We sat on little gilt chairs and in five minutes the whole lot of us were spellbound. It was Alec Guinness’ adaptation of Great Expectations, produced by George Devine. Alec Guinness sat on one side of the tiny stage and Merula, his wife, on the other and they narrated. Marius Goring played the grown-up Pip, Yvonne Mitchell played little Estella, Vera Poliakoff the grown-up, Alec played Herbert Pocket and Martita was Miss Havisham. It was absolutely wonderful. And at the end when the audiences left, I took David and the others up to the footlights and introduced them to Martita, who wore a stunning make-up.
Lean would later say of the play, ‘It exerted a tremendous influence.’ For his birthday in 1940, Kay gifted him Dickens’ complete works, which he couldn’t put down.
Lean was at this point still a film editor and had worked on Gabriel Pascal’s Pygmalion and Major Barbara, and Powell & Pressburger’s 49th Parallel and One of Our Aircraft Is Missing. His directorial debut was in collaboration with Noël Coward on In Which We Serve (1942), and he went on to make his name directing successful film versions of Coward’s plays This Happy Breed (1944), Blithe Spirit (1945) and Brief Encounter (1945). In 1944, Lean formed the production company Cineguild with cinematographer Ronald Neame and producer Anthony Havelock-Allan. At the end of the war, Kay suggested that Cineguild should consider a Victorian piece, because audiences had had enough of ‘tin helmets and Oerlikon guns.’ Lean believed that Great Expectations could be a truly great project, as did the formidable film producer/distributor J. Arthur Rank, who basically told them to go and get on with it.
The script, however, proved to be a problem, as is often the case in literary adaptation. The English novelist, playwright, and Dickens scholar Clemence Dane (Winifred Ashton) was approached to write the screenplay but fell into the trap of trying to include every twist and turn of Dickens’ original plot. ‘It had practically every incident in the book,’ Lean later told Brownlow, ‘but done in shorthand so one never got to grips with any one scene. She took snippets of everything and didn’t give anything real weight.’ In short, novels are novels and movies are movies; they are different forms of narrative. Instead, Lean, Neame, and Havelock-Allan wrote the script themselves. It is a masterclass in how to adapt the essence of a complex novel to the screen. Lean later told Brownlow his method:
As I read the book for the umpteenth time, I wrote down in a sort of headline form those scenes, or parts of scenes, which I thought would make a good movie, and I left out anything I thought dull … I ended up with a rough continuity which was full of gaps – Pip on the marshes at the beginning, the graveyard, Magwitch the convict… Then we sat down and tried to link up the episodes and fill in the gaps. That’s how it worked and it worked rather well. What we did, we did proud; if we had a Dickens scene, we gave it full value … You have to cut, and give it weight and do it proud. You have to savour Dickens. You have to enjoy him. You can’t just skip through in shorthand. This is why George Cukor’s David Copperfield is still a good picture.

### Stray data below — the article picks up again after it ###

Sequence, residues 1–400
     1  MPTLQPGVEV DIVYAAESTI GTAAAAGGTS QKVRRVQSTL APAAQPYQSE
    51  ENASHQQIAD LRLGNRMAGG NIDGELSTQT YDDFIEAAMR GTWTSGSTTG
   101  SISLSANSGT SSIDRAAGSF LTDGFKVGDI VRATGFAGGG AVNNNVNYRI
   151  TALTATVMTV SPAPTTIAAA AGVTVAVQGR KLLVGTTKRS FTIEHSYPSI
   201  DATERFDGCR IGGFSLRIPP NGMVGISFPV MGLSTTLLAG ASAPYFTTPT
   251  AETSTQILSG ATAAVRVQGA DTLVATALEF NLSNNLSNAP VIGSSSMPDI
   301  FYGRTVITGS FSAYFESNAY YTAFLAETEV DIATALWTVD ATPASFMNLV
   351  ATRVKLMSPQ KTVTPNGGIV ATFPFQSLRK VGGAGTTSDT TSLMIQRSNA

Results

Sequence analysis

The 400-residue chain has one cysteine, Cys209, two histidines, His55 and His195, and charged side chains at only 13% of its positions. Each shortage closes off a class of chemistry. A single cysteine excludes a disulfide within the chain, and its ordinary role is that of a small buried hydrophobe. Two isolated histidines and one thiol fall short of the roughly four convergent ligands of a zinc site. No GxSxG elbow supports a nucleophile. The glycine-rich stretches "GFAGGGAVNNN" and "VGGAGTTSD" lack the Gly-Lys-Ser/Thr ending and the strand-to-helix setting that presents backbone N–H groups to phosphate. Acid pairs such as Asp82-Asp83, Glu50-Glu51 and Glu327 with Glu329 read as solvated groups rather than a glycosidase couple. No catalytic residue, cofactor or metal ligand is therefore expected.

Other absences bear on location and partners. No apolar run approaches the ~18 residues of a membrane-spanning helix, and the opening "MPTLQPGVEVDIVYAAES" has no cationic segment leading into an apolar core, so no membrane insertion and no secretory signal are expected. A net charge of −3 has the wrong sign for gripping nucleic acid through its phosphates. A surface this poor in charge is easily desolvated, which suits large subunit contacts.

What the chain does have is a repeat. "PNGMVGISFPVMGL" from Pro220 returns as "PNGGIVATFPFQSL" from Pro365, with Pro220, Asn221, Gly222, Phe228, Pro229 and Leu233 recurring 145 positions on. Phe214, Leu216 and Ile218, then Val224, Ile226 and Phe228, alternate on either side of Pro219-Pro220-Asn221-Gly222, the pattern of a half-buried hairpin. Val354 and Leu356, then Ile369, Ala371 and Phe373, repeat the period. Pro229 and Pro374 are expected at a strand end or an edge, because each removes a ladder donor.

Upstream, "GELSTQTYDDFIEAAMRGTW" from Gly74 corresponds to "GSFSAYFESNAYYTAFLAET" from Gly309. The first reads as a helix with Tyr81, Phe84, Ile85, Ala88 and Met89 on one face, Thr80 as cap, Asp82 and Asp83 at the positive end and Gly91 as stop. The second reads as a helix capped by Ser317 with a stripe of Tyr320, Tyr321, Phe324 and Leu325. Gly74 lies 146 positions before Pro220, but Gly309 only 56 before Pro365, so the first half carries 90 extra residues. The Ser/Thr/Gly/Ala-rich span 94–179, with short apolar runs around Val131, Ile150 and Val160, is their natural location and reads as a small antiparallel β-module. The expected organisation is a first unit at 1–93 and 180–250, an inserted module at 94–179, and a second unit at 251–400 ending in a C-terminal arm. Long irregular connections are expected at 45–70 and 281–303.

Purists be warned, but this is how you do it. Longer TV serials allow more space to engage with the original plot points, but even then, many will still need to be cut, conflated, or rewritten. Lean’s Great Expectations therefore keeps to Pip’s primary through line in a more compressed period of time than the novel. Gone is Dolge Orlick and the murder of Mrs Joe, Wopsle and his acting ambitions, Matthew Pocket, Mr and Mrs Hubble, Startop, Miss Skiffins, and Clara Barley. Miss Havisham’s relatives are reduced to a single glimpse, while Mr Pumblechook appears in only two short linking scenes. Wemmick survives the cut, though his castle is excised, and the ‘Aged P’ reduced to a single scene. Magwitch’s mortal enemy, Compeyson, remains but unnamed and without the backstory in which he is revealed to be the conman who left Miss Havisham at the altar. Pip doesn’t go to propose to Biddy, and he and Herbert no longer work in Egypt for eleven years. Drummle does not die but simply divorces Estella offscreen upon hearing of her birth parents. Finally, Kay Walsh contributed a more emphatic, symbolic, and happy ending in which there’s no doubt that Pip and Estella have freed themselves of the baleful influence of Miss Havisham’s ghost and can now marry with the closing line, ‘We belong to each other, let’s start again together.’ John Mills’ Pip tearing down the ancient drapes to let in the sun foreshadows Peter Cushing’s Van Helsing at the climax of Hammer’s Dracula, though Lean was thinking of Citizen Kane. This ending is significant for future adaptations as Dickens could never really settle on a resolution himself. He wrote two distinct final scenes, one in which Pip and Estella meet in London years after the main events of the novel, talk amiably and then go their separate ways, and another in which they meet again on the grounds of what was once Satis House, with an enigmatic closing line which might suggest they get together: